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For my qualifications I was a teacher in the USA, I have a BS.Ed. and an MSW along with a TEFL certificate. My international school would require appropriate paperwork and degrees for hiring. Teaching experience counts for a lot and there is some flexibility about degrees. We do get teacher licenses and work permits and B work visas along with paying Thai taxes. Some teachers are recruited from overseas at job fairs. I have seen very little prejudice about hiring local teachers if qualified etc etc. Pound of flesh on paperwork? All I can say is its nothing like the pounds of paperwork you have to produce in public government schools in the usa due to overlapping country, state and federal oversights and programs.

ps on the owning the house bit I hear what you are saying but its in my spouse's name with me owning the building and having a 30 year lease on the land (an infruc).

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My international school requires a degree (minimum BA, BSc or BEd) + national certification + a minimum of two years experience in a "real" school, i.e. not a language school. ESL teachers, in addition, are required to have an ESL qualification.

Basically, you need to have the qualifications which would allow you to teach in your home country. State Certification for the USA, PGCE for England, etc., etc.

G

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I am curious to know what people's experiences with international school teaching in Thailand has been. I teach at one in Chiang Mai and I find my job delightful. In the USA I literally left teaching due to the horrendous conditions and did other work. Moving here I did the usual teaching other kinds of schools and so know the debilitating conditions that can exist in many Thai schools..........admin nightmares, lack of work permits, low pay, huge classes. My last few years have been in direct constrast to that. I am 57 and have no age perception probelms at work. Small classes and interested students. What I consider to be pretty reasonable pay, vacations and benefits though some others, mostly directly here from western countries feel its not enough. It affords me a fairly comfortable lifestyle to the extent I have purchased a car and am buying a home strictly on local wages. I feel very fortunate. Of course there are probelms in any school and no job is heaven...........I mean thats why they pay us to do them..........but what are the experiences of others? I havent seen much in this forum on this topic and so am curious. THANKS>

I have also made the move to one of the top tier international schools and it is a whole different world. A very nice one and I echo most of what you have written. Students are attentive and interested in learning and seem to understand the importance of a good education. Salary and benefits also fall into the "whole different world" category and age is not a factor whatsoever. The only regret I have is that I did not do it sooner.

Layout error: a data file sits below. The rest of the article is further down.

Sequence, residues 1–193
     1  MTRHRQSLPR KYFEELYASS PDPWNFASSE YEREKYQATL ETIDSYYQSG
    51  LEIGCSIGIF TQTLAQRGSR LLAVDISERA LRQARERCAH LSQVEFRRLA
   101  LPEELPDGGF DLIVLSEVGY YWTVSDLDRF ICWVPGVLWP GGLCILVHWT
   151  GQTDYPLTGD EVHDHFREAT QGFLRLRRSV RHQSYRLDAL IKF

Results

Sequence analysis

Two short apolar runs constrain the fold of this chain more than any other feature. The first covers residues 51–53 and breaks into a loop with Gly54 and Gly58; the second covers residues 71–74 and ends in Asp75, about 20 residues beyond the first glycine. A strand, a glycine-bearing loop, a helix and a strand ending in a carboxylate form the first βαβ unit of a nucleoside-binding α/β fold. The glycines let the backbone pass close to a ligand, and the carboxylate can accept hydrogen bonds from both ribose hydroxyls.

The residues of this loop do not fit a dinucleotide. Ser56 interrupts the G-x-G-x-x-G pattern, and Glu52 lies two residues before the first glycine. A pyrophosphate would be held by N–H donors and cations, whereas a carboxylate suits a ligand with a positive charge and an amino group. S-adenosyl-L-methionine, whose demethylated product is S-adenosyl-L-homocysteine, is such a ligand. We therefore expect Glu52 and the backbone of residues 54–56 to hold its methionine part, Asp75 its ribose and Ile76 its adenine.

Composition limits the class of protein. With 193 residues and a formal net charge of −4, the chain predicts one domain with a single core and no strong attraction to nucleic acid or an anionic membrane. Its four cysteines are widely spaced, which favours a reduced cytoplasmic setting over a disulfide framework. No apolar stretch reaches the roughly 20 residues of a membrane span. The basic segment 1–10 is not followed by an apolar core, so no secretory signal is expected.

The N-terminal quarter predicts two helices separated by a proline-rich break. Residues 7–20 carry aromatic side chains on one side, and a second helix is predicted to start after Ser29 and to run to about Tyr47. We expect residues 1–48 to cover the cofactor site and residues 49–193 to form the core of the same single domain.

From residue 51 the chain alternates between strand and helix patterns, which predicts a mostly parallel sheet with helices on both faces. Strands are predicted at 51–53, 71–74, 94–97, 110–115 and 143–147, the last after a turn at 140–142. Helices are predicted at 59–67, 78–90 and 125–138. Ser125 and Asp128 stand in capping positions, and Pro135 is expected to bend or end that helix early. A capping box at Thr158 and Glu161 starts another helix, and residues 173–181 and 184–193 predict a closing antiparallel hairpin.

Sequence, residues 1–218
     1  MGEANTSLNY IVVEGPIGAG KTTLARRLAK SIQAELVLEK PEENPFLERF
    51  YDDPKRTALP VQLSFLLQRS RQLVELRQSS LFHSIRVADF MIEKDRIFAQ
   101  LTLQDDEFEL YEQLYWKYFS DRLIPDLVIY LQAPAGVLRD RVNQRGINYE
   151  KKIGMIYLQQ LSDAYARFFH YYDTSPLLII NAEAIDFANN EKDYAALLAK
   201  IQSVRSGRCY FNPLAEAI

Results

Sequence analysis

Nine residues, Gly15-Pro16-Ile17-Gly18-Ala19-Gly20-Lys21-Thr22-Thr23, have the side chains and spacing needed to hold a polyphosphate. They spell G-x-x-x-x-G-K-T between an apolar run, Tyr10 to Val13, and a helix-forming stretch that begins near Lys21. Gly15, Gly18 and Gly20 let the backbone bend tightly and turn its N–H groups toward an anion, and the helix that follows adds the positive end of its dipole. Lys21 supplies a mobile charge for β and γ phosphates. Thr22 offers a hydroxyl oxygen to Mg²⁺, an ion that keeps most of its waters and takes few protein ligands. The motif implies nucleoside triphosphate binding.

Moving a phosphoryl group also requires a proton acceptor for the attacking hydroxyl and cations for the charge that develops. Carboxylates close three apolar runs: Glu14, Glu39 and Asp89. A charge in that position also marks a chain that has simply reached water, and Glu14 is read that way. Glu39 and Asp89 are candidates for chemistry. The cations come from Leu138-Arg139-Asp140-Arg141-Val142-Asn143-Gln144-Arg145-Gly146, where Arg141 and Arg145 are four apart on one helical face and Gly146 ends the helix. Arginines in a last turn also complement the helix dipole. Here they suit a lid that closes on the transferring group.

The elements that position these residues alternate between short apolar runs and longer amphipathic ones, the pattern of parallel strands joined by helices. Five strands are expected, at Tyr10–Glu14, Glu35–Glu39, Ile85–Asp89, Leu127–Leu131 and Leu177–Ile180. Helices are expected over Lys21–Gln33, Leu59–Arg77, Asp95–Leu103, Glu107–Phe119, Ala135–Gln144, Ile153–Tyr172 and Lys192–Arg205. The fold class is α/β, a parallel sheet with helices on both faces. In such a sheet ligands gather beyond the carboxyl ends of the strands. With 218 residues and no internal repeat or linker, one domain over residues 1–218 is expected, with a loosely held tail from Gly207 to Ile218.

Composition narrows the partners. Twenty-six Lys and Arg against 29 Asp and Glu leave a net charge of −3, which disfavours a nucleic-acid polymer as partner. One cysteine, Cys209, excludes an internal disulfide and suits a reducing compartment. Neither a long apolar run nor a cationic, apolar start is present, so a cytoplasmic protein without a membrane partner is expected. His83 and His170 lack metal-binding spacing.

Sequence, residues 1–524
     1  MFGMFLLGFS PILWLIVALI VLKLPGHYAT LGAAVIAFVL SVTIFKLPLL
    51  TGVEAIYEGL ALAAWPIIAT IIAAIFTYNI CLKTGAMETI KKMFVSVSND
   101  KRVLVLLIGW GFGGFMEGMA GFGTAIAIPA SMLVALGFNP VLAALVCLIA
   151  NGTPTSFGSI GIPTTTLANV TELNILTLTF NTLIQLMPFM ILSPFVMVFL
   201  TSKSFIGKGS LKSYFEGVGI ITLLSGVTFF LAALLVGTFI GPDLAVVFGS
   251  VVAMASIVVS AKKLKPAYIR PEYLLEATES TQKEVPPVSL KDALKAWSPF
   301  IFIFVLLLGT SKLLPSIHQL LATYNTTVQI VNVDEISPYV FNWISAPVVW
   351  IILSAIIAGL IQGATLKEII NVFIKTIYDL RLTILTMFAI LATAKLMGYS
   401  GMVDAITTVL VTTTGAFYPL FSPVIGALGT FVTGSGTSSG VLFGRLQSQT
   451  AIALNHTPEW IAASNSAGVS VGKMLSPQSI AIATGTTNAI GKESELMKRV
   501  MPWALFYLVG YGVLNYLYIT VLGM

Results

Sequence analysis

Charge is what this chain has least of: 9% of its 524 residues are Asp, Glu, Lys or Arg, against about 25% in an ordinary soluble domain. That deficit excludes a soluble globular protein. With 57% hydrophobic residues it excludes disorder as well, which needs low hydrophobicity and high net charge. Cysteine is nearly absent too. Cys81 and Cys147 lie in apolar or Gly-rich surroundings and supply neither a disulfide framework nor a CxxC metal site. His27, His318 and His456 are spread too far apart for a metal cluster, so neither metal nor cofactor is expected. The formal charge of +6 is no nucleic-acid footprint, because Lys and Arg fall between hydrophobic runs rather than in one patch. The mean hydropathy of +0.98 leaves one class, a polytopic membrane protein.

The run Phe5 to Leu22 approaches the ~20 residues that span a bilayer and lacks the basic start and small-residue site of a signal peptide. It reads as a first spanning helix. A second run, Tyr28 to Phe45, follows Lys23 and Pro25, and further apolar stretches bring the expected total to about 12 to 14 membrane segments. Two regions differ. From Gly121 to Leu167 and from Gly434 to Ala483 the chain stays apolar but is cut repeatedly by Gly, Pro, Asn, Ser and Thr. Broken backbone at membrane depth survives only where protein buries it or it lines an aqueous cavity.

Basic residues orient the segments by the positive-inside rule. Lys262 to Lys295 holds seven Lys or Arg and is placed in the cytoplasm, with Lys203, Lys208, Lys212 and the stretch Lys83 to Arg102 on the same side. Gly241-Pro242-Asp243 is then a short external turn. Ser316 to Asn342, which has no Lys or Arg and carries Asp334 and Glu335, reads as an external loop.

I would like to interview some of the top tier international schools in Thailand for my daughter to attend. Looking for an English language curriculum in science and math as well as a thai curriculum.... Chiang Mai, Hua Hin , or others would be viable however not interested in BKK or Pattaya.

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I am curious to know what people's experiences with international school teaching in Thailand has been. I teach at one in Chiang Mai and I find my job delightful. In the USA I literally left teaching due to the horrendous conditions and did other work. Moving here I did the usual teaching other kinds of schools and so know the debilitating conditions that can exist in many Thai schools..........admin nightmares, lack of work permits, low pay, huge classes. My last few years have been in direct constrast to that. I am 57 and have no age perception probelms at work. Small classes and interested students. What I consider to be pretty reasonable pay, vacations and benefits though some others, mostly directly here from western countries feel its not enough. It affords me a fairly comfortable lifestyle to the extent I have purchased a car and am buying a home strictly on local wages. I feel very fortunate. Of course there are probelms in any school and no job is heaven...........I mean thats why they pay us to do them..........but what are the experiences of others? I havent seen much in this forum on this topic and so am curious. THANKS>

I have also made the move to one of the top tier international schools and it is a whole different world. A very nice one and I echo most of what you have written. Students are attentive and interested in learning and seem to understand the importance of a good education. Salary and benefits also fall into the "whole different world" category and age is not a factor whatsoever. The only regret I have is that I did not do it sooner.

I would like to interview some of the top tier international schools in Thailand for my daughter to attend. Looking for an English language curriculum in science and math as well as a thai curriculum.... Chiang Mai, Hua Hin , or others would be